We made a good choice to stay in a quality ryokan while visiting the hot springs where the snow monkeys reside. We all loved our onsen experience and dressing traditionally, in Japanese garb, for the duration of our stay. We have discovered that there is at least one good RYOKAN in AUSTRALIA and plans for another closer to home. Maybe we can save our pennies for a special weekend treat one year when missing what Japan has to offer. It truly is a relaxing bathing experience that I thoroughly recommend. We liked it so much that we found another onsen outside of Kyoto, with glorious mountain views and boiling hot water, to spend our last day in Japan.
My daughters also enjoyed learning about ‘the way of tea’ in Gion, Kyoto. They both read up about the tea ceremony before we attended one and they had a chance to make their own brew. They both enjoy the traditional with the new and funky. Spotting maiko and geiko in Gion was as fun for all of us as when we were in Tokyo seeing residents who were into cosplay.
We visited many impressive shrines, temples and castles but a couple were special for us, mostly due to their awesome design, size or location. I posted about our experience near Nikko but equally as impressive was Tōdai-ji in Nara. The Great Hall you can see in the photographs below houses the largest bronze buddha in the world.
What do you think about the two images below? The first was shot with a a Nikon D700 and edited in Lightroom 4. The second was taken with an iPhone using an olloclip with editing in Snapseed and Eyeem. I like both but which do you prefer? The iPhone does do an amazing job compared with a full frame professional camera.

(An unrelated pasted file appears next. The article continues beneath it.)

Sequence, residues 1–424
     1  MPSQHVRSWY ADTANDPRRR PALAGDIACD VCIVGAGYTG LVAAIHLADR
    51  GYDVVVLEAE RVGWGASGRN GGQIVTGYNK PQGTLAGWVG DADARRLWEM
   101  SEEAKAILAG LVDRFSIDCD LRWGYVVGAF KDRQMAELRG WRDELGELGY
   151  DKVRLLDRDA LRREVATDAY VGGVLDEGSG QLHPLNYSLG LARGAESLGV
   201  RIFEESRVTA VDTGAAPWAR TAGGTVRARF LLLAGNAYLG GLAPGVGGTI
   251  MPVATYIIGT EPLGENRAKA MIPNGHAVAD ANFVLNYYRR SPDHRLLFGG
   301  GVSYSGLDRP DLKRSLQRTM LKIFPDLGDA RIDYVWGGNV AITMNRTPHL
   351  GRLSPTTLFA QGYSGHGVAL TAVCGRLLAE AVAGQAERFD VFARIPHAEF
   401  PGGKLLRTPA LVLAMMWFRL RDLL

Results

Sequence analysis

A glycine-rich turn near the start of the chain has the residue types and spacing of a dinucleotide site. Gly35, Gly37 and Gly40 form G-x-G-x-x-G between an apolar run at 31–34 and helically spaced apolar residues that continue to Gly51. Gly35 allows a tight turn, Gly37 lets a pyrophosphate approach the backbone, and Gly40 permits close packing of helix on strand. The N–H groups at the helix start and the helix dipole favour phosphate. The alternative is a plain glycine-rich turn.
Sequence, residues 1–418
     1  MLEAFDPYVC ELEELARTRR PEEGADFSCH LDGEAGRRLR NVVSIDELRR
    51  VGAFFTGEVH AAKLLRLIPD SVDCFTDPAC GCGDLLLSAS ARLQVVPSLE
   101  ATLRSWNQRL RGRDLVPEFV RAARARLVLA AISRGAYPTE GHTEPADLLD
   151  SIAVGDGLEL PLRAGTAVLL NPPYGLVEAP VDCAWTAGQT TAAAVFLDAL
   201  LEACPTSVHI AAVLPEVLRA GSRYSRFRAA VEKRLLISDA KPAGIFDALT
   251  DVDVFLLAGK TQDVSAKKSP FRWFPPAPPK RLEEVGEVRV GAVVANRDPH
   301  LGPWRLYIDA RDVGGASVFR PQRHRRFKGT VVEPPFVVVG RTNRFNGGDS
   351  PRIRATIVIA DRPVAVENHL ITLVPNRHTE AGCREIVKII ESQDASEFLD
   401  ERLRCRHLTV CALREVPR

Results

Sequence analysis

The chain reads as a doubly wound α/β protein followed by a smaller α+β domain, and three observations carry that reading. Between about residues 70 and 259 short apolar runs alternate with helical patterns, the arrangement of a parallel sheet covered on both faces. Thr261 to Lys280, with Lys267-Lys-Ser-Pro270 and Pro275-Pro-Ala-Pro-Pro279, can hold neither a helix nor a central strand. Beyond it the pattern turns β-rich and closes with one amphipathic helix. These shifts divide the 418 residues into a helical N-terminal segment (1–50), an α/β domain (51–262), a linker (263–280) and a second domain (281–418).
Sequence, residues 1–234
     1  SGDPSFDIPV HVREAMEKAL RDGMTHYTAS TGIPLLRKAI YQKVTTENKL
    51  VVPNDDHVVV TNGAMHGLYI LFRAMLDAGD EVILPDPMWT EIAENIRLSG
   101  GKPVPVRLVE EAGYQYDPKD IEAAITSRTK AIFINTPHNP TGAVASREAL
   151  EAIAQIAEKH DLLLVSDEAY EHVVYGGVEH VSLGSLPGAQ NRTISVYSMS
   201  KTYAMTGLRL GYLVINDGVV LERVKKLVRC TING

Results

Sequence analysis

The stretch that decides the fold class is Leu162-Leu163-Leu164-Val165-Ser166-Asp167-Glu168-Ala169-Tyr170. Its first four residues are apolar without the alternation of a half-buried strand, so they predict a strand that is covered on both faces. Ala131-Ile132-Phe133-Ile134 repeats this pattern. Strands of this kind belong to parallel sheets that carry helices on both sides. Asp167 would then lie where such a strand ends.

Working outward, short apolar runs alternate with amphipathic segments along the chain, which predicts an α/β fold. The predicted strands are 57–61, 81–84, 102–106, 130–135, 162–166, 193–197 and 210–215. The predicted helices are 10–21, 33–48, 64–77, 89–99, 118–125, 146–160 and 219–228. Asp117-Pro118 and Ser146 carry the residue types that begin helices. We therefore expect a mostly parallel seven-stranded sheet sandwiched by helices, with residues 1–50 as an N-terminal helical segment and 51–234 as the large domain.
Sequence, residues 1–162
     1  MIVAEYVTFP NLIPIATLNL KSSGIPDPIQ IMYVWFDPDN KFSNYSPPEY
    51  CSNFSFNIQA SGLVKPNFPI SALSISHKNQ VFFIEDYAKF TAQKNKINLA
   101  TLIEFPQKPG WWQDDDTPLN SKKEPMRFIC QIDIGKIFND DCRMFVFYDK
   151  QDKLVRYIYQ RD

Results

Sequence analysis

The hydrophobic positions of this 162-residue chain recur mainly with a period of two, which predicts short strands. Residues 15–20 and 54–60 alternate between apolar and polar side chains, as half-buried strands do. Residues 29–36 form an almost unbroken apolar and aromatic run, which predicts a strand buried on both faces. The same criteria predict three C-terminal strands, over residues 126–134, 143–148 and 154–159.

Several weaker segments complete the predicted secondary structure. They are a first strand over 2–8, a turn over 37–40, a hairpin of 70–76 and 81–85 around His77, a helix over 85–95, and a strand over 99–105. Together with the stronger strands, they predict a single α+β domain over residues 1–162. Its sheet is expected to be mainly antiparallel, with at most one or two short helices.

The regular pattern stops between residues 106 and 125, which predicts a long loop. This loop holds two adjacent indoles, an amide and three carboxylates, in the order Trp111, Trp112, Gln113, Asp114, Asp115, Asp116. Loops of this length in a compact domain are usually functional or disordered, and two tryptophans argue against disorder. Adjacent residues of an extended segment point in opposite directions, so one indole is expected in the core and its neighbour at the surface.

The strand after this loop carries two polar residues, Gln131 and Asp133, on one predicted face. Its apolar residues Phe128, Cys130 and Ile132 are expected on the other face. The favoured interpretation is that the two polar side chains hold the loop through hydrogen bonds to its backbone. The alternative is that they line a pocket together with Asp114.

The nightingale floor we walked on at Nijo Castle in Kyoto just stimulated all of our imaginations. There was really too much talk about assassination, shoguns and ninja in the following hours and days.
I love travelling with my family and it is a highlight of all our trips that we get to spend so much time together roaming, talking and having a laugh in the time we have on the planet. I am proud of the way they cope with any hardships we face and enjoy the good times. I especially like simple shared pleasures and the laughter. The two images below caused much mirth, especially from Miss 6.
When both girls attempted to reach enlightenment, by crawling through the “Buddha’s nostril”, and Miss 9 was temporarily stuck on her path, both parents laughed hard too, enjoying quips about ‘the path’ is not always easy grasshopper’.
The above photograph, shot in the gardens near the Imperial Palace, is the image that most seems to summarise what I saw in Japan. A venerable and ancient culture is consciously supported and nurtured as society speeds rapidly into the future. Even though I titled this image ‘Continuity & Stagnation’ I did not see much that could be thought of as stagnation. Tradition does not seem to be holding back anyone and is an important aspect of the success, wellbeing and resilience of the people. I loved the place. My impressions of Japan and the Japanese are glowingly positive. The culture and their society has much to appreciate and admire.
We will definitely return.
Your thoughts about Japan?
PS Check out my Diigo account tagged Japan if you are interested in travelling here and make sure you keep Hyperdia handy. Here is a slideshow of all my publicly available photos of Japan.
PS We all like dragons.